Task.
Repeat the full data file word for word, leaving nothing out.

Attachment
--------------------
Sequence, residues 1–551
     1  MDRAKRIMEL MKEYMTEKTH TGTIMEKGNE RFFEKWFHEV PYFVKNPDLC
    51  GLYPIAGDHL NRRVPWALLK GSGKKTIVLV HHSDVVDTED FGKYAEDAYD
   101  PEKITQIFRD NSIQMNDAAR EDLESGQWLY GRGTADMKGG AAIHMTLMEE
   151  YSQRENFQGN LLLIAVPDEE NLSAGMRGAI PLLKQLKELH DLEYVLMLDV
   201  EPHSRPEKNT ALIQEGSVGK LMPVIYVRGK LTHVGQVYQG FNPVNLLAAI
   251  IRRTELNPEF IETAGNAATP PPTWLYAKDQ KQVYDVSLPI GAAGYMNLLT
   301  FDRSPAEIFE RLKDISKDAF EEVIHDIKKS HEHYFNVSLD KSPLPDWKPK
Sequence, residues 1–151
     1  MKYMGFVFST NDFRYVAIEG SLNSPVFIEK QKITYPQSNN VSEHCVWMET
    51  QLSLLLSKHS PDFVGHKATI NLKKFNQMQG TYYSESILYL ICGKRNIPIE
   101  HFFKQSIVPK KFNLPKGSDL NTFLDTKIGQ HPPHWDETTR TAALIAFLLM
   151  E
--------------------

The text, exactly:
Sequence, residues 1–551
     1  MDRAKRIMEL MKEYMTEKTH TGTIMEKGNE RFFEKWFHEV PYFVKNPDLC
    51  GLYPIAGDHL NRRVPWALLK GSGKKTIVLV HHSDVVDTED FGKYAEDAYD
   101  PEKITQIFRD NSIQMNDAAR EDLESGQWLY GRGTADMKGG AAIHMTLMEE
   151  YSQRENFQGN LLLIAVPDEE NLSAGMRGAI PLLKQLKELH DLEYVLMLDV
   201  EPHSRPEKNT ALIQEGSVGK LMPVIYVRGK LTHVGQVYQG FNPVNLLAAI
   251  IRRTELNPEF IETAGNAATP PPTWLYAKDQ KQVYDVSLPI GAAGYMNLLT
   301  FDRSPAEIFE RLKDISKDAF EEVIHDIKKS HEHYFNVSLD KSPLPDWKPK
Sequence, residues 1–151
     1  MKYMGFVFST NDFRYVAIEG SLNSPVFIEK QKITYPQSNN VSEHCVWMET
    51  QLSLLLSKHS PDFVGHKATI NLKKFNQMQG TYYSESILYL ICGKRNIPIE
   101  HFFKQSIVPK KFNLPKGSDL NTFLDTKIGQ HPPHWDETTR TAALIAFLLM
   151  E